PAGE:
Packer’s Calvinist convictions aligned closely with those of John Owen (more so than with those of Baxter). Upon discovering Owen’s commentary on Hebrews as a young student, Packer was impressed with the logical precision and careful argumentation of the famous preacher-theologian. Persuaded that “evangelicalism today is in a state of perplexity and unsettlement,” Packer turned to Owen because, as he put it, Owen had been God-centered in his thoughts and God-fearing in his heart. Packer believed that evangelicalism was in need of the clarity of Owen’s Calvinist logic.
Packer did not, however, adopt his theological mentor’s congregationalist view of the church. Packer’s Anglicanism and his love for the catholicity of the church drew more from Baxter’s mere Catholicity. And, just as had been the case for Baxter, so for Packer, his broad churchmanship led to much acrimony and caused him a great deal of personal grief. The well-known congregationalist preacher Martin Lloyd-Jones, who had served as the young Packer’s mentor and greatly stimulated his Puritan interests, was dismayed when in 1970 Packer co-authored a book with Anglo-Catholics. This created a lasting rift between Packer and other evangelicals, including Lloyd-Jones, to whom the Anglican Church seemed hopelessly compromised.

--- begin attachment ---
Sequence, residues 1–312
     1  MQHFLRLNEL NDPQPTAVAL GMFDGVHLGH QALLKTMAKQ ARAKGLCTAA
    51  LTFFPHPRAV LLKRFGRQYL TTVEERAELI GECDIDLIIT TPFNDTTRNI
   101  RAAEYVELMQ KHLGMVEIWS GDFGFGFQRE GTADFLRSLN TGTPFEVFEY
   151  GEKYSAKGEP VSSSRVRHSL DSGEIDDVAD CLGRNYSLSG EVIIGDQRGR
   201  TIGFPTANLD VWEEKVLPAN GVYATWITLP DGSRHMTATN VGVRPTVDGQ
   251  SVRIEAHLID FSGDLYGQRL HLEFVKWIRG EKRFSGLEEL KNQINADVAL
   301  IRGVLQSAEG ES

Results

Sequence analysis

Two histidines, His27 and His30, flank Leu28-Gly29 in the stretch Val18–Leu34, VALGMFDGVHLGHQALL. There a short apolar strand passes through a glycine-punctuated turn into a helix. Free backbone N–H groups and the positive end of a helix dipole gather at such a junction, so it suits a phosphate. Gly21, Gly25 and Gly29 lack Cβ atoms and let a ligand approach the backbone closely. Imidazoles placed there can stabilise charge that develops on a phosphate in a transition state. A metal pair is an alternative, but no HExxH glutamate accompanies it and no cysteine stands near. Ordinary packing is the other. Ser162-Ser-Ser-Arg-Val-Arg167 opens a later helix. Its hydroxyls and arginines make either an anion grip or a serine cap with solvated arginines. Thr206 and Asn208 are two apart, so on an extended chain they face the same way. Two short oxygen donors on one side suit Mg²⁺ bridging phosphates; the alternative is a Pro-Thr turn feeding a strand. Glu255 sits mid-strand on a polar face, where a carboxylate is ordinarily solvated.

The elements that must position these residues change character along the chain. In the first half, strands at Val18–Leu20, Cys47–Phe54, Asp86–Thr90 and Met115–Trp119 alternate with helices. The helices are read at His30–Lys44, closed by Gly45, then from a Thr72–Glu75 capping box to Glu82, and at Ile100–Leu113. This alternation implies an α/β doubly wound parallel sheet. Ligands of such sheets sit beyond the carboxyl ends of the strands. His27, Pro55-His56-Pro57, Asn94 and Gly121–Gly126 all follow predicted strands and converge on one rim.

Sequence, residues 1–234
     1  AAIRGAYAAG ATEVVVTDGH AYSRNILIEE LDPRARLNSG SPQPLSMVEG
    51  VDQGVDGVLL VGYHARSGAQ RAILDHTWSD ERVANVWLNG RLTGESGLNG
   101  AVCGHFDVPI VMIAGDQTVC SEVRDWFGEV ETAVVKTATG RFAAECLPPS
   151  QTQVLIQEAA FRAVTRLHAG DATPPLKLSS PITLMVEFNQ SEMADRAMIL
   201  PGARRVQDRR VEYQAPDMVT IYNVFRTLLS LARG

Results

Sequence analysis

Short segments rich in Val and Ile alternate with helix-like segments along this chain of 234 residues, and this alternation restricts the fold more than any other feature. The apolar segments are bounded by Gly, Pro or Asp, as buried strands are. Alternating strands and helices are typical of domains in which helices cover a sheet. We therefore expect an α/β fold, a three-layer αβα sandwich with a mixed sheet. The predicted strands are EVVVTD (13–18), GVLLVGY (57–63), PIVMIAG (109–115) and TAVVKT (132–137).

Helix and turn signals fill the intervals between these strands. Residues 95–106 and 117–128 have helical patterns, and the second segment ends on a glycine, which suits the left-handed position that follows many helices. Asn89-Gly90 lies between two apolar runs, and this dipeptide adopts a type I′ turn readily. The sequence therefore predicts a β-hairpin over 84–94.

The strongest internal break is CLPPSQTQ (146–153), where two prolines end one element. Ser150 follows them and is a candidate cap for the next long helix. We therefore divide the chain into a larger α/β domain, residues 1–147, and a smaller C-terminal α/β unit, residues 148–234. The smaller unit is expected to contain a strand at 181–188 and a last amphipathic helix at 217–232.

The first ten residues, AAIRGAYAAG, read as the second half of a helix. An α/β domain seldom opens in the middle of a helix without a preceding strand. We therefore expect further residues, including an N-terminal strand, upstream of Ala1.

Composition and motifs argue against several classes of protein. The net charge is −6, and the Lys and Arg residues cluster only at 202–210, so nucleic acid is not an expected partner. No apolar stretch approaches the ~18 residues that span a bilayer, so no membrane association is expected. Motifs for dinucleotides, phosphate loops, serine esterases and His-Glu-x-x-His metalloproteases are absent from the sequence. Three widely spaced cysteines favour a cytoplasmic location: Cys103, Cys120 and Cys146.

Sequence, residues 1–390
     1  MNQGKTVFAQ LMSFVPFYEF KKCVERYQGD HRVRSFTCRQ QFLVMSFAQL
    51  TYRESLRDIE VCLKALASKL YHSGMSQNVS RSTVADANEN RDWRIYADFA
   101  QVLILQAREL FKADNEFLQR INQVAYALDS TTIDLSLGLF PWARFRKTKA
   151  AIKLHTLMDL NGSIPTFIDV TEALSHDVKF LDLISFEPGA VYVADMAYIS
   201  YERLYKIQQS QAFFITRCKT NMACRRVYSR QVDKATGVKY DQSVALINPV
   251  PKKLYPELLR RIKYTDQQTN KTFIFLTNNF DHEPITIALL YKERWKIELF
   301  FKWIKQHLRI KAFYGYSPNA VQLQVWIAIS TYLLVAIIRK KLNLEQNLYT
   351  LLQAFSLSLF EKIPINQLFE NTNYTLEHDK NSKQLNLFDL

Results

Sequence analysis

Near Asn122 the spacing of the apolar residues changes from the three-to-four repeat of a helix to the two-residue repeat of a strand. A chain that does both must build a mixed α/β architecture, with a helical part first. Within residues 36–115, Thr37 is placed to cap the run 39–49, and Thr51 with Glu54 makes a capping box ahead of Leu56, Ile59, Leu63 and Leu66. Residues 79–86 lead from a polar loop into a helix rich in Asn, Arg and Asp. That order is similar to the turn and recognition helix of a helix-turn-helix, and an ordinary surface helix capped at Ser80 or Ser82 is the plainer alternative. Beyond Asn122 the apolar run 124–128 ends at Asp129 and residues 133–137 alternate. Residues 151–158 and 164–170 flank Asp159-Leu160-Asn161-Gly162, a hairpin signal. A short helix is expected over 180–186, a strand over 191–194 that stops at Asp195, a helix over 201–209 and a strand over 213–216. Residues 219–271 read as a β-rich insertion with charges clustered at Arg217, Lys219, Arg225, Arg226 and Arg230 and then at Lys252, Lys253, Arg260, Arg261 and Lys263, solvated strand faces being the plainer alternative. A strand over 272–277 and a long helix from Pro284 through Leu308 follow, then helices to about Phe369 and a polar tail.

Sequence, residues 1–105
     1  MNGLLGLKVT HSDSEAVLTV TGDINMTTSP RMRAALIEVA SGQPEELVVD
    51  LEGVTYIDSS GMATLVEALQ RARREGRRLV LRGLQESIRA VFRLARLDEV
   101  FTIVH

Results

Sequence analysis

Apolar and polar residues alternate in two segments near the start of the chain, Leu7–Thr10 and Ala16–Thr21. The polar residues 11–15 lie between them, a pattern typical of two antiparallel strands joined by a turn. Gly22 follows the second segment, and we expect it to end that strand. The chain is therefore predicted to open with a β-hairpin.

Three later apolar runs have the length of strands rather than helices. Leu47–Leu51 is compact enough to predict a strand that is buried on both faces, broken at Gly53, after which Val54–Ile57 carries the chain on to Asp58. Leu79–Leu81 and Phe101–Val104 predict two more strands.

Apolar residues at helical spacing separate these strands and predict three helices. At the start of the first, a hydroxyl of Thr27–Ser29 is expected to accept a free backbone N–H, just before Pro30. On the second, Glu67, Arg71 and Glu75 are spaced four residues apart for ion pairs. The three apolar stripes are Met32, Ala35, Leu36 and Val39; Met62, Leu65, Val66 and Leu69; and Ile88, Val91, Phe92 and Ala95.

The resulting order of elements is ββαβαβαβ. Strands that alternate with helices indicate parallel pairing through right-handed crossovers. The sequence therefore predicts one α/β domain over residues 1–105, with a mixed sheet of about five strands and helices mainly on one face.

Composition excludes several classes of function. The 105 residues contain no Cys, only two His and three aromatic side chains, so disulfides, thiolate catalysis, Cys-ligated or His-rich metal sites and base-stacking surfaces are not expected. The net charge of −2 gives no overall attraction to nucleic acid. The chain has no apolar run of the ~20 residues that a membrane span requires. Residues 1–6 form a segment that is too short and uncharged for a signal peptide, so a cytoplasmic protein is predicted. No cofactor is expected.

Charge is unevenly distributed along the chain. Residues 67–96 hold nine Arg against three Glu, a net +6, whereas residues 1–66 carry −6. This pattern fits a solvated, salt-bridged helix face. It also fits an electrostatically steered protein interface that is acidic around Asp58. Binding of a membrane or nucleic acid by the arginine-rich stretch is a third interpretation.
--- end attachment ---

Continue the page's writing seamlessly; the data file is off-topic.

Packer’s signing of the 1994 ECT statement again led to sharp disagreement with evangelicals—influential leaders such as John MacArthur and R. C. Sproul—who felt that Packer had sacrificed doctrinal integrity. Packer, however, did not flinch. He published an article on “Why I Signed,” and pointed out that his continuing disagreements with Rome ought not stand in the way of making common cause. Today’s deepest division, he claimed, was not that between Catholicism and Protestantism. Instead, it was the division “between theological conservatives (or ‘conservationists,’ as I prefer to call them), who honor the Christ of the Bible and of the historic creeds and confessions, and theological liberals and radicals who for whatever reason do not.” Appealing to Francis Schaeffer’s concept of co-belligerence and Billy Graham’s cooperative evangelism, he threw down the gauntlet, insisting that it was high time to make common cause, even in evangelism and church education: ECT was merely “playing catch-up to the Holy Spirit,” Packer insisted.